- Applying pressure to these areas will elicit pain
- Typically not painful on the bottom of the heel, unlike plantar fasciitis
- The pain worsens with activity
- Rest often reduces the pain; refraining from vigorous activity for several weeks may be necessary
- Ice therapy and possibly children’s pain relief medications may be appropriate
- Calf and hamstring stretches and massage can be helpful
- Physiotherapy can combine stretching and cold therapy with modalities like laser or ultrasound
- Custom foot orthotics with deep heel cups and added cushioning
Specific Heel Pain Conditions We Treat
Toes / Veins Health
How does it work?
Heel pain is quite common. Generally, the symptoms are not so painful that they are disabling, but they certainly affect lifestyle and enjoyment in everyday life, putting limits on walking, standing, and running. While the pain can occur quite suddenly, the treatment can take a long time and effort. There are several reasons for heel pain and your doctor may refer you to Ortho-Kinetics to see the Canadian Certified Pedorthist to explore pedorthic treatment options.
BOOK AN ASSESSMENT
- Call us or book a pedorthic assessment online
- An assessment typically takes 30 to 45 minutes
- If you have shorts, bring them (we also have shorts at the clinic)
- Bring 2 or 3 pairs of the shoes you wear most often, for work and play
- Bring your prescription if you have one and x-ray CD or report
DURING YOUR ASSESSMENT
ENJOY A BETTER QUALITY OF LIFE
- Typically, you will receive your orthotics in about 2 weeks
- Within a few weeks of wearing them, your heel pain should be improving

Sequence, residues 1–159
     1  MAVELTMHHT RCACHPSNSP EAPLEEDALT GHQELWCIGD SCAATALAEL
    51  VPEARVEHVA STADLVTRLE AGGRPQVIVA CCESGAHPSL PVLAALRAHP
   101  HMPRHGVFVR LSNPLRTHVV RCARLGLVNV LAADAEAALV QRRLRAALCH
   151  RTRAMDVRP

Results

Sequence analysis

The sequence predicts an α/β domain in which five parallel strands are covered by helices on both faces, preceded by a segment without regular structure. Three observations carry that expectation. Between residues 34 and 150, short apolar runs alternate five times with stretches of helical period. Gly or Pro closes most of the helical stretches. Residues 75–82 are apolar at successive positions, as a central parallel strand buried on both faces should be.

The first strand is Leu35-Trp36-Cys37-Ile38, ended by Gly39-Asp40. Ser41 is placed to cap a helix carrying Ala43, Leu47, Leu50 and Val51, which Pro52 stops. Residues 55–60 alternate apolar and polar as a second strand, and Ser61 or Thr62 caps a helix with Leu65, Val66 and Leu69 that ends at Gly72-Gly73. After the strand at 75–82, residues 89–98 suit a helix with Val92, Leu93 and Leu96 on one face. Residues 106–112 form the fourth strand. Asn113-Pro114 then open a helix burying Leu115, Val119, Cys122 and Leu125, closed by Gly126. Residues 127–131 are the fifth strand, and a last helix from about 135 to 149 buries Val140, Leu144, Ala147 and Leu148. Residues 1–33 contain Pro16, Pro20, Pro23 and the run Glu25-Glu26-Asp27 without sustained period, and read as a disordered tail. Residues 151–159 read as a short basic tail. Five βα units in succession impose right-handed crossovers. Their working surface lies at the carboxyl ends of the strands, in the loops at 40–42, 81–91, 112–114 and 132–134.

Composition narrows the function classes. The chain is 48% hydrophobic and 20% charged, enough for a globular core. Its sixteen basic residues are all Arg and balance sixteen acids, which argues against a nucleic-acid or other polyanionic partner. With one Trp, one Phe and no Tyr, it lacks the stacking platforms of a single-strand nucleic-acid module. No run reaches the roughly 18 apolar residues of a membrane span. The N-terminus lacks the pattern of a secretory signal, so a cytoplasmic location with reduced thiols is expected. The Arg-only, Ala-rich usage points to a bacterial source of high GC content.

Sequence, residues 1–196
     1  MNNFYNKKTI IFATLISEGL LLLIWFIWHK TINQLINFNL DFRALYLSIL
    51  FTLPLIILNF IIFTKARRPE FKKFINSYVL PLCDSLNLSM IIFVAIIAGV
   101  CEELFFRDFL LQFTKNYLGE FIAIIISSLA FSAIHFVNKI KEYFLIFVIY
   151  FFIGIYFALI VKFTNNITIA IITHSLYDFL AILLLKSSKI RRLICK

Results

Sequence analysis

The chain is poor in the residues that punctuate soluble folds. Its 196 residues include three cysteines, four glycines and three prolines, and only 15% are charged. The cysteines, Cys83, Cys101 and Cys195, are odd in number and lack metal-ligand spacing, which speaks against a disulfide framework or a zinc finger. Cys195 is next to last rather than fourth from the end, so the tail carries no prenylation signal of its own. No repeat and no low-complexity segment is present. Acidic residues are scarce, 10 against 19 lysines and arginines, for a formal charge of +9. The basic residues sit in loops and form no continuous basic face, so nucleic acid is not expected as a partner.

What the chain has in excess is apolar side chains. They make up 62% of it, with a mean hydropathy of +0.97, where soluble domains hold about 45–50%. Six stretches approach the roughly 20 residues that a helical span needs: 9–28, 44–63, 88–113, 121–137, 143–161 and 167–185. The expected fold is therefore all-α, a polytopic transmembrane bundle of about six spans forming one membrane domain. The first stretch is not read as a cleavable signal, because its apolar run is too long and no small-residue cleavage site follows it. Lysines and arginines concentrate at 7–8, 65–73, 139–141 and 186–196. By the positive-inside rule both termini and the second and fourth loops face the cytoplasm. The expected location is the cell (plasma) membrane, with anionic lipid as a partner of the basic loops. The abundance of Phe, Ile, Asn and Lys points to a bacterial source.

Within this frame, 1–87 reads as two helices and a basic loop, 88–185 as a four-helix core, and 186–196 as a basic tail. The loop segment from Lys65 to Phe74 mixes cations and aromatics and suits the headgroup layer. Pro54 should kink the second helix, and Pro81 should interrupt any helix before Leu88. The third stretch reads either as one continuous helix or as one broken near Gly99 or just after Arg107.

- If necessary, we will have you come back for a follow up
- Follow ups are for further modifications, and/or to review exercises and stretches, and footwear recommendations
- At any point in the future, we encourage you to return for any necessary adjustments and service the orthotics if necessary
Frequently Asked Questions
You can have arthritis in the joints of your feet, but plantar fasciitis is not arthritis. It is damage to the ligament-like structure that stretches from your heel to your toes.
You can have plantar fasciitis pain and not have a heel spur. You can also have a heel spur, seen on an x-ray, but not have any heel pain. Your doctor may prescribe an x-ray to rule out a fracture or arthritis.
Plantar fasciitis can occur the day after some trauma to your heel area. But the recovery can last several weeks or even months. Orthotics, rest, ice, reduced activity and physiotherapy can all help to speed up healing time
While Sever’s disease can be quite painful, especially with activity, there is no evidence that being active will cause any permanent damage. The pain may make it difficult to continue to play so adjusting the activity level to your child’s comfort level is important in how you help him/her manage the pain. Orthotics, rest, ice, reduced activity and physiotherapy can all help to speed up healing time. Ultimately, the condition will resolve on its own, but may take several months or longer.
Once the Achilles tendon is damaged, there is risk in prolonging the condition, worsening the condition, or, if you are middle-aged, suffering a rupture of the tendon.